On June 26, 1979, BUSPH became an official school of Boston University, matriculating 156 students and offering afternoon courses for the first time. It had five programs: Environmental Health, Health Care Systems, Public Health Law, Research and Evaluation, and Social and Behavioral Sciences. That same year the first graduation ceremony was held for 46 graduates.
In 1981, the school expanded to include the departments of Epidemiology and Biostatistics. It also began accepting full time students and enrolled its first international students. The International Health department was created the following year. In 1983, the School received its full accreditation by the Council on Education for Public Health.
The Office of Special Projects was established in 1985 to provide education and training in international health and to conduct overseas and domestic research and service programs. This Office later became the Center for International Health, which housed the Department of International Health. The following year the first doctoral student graduated.
Dr. Robert Meenan assumed BUSPH’s leadership in 1993. The school experienced significant growth during his 22 years as dean, matriculating 370 MPH students in 2012, moving to its current location in the historic Talbot Building, and instituting a practicum requirement for MPH students.
In 2015, the current dean Dr. Sandro Galea joined BUSPH. The school became a top 10 school of public health in the United States that same year. In 2016, under the leadership of the Dean of Education Lisa Sullivan, the School introduced a new MPH program, featuring a core curriculum, interdisciplinary certificates, and professional development and practical education throughout the curriculum.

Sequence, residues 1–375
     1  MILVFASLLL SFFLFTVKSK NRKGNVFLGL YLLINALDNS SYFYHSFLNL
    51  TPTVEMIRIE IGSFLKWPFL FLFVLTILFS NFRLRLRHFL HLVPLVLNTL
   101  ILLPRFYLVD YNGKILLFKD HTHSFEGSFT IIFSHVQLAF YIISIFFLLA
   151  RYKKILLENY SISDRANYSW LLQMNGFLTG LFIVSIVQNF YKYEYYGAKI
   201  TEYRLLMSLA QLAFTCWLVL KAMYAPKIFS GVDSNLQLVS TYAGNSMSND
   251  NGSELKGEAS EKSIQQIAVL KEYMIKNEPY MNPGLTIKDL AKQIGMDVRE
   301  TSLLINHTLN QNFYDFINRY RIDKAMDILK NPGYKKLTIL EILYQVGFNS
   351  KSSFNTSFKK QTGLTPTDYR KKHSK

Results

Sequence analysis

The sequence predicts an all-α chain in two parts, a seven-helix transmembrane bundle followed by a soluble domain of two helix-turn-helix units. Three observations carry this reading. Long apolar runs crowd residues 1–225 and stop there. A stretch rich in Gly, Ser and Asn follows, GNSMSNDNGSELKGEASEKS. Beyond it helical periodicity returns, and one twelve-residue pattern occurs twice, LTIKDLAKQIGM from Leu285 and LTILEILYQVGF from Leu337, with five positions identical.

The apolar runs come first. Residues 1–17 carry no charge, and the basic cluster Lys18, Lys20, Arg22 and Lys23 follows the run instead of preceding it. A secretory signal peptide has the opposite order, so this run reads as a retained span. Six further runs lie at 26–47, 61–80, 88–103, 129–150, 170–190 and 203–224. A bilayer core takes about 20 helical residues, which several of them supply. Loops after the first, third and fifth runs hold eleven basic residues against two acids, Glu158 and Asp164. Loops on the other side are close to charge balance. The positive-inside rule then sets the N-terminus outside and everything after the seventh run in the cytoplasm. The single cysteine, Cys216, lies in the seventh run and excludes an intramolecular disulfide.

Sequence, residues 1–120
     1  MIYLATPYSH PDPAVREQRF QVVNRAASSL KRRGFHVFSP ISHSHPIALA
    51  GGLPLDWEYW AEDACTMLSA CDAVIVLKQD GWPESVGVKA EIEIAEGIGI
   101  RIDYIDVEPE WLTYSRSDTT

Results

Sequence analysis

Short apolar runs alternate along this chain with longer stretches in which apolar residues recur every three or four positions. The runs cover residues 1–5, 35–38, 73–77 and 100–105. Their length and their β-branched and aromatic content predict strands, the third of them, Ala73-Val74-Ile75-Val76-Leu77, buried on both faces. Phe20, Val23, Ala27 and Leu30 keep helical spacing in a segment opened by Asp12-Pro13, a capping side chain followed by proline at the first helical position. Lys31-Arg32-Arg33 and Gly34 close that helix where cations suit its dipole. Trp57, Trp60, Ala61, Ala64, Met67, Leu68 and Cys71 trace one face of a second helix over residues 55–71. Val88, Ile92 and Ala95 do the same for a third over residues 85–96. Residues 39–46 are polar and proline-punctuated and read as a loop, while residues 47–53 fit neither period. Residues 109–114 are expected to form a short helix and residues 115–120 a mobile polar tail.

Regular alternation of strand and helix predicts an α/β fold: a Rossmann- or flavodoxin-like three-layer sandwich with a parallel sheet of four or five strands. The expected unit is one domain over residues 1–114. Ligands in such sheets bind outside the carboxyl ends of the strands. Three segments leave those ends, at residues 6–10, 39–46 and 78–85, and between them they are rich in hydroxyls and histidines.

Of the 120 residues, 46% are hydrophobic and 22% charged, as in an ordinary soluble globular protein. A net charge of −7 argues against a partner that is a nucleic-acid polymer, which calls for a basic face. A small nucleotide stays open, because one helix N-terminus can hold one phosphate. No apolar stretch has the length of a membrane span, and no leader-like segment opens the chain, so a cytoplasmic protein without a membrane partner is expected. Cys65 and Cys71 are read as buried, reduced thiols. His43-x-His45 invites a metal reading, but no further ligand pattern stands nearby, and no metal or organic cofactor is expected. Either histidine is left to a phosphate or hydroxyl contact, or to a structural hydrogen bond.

Boston University School of Public Health grants degrees in the following academic concentrations:
- Biostatistics (MPH, MA, PhD)
- Environmental Health (MPH, MS, PhD)
- Epidemiology (MPH, MS, PhD)
- Global Health (MPH)
- Health Law, Bioethics and Human Rights (MPH)
- Health Policy & Management (MPH, MS, PhD)
- Leadership, Management, and Policy (DrPH)
- Maternal and Child Health (MPH)
- Social and Behavioral Sciences (MPH)
Dual degree programs are also available with other schools at Boston University. The dual degree typically allows the student to finish both degrees in less time than if the degrees were attempted separately. BUSPH offers dual degrees with the following schools:
- Boston University Graduate School of Management (MPH/MBA)
- Boston University School of Law (MPH/JD)
- Boston University School of Medicine (MD/MPH)
- Division of Graduate Medical Sciences (MPH/MA)
- Boston University School of Social Work (MPH/MSW)
- Sargent College of Health and Rehabilitation Sciences (BS/MPH)
- College of Arts and Sciences (BA/MPH)
BUSPH’s research portfolio is one of the largest at BU, the fourth largest research university in the country. Four broad areas of research focus represent the work of the school: urban living, gaining and well-being, health across the life-course, and health systems. Notable studies include:
- Framingham Heart Study, a long-term, ongoing cardiovascular study on residents of the town of Framingham, Massachusetts, which has been cited in over 1,000 medical papers since it began in 1948.
- Black Women’s Health Study, funded by the National Institutes of Health, began in 1995 and follows a cohort of the 59,000 women who enrolled. The study focuses on the drivers of cancer and other diseases among African-American women.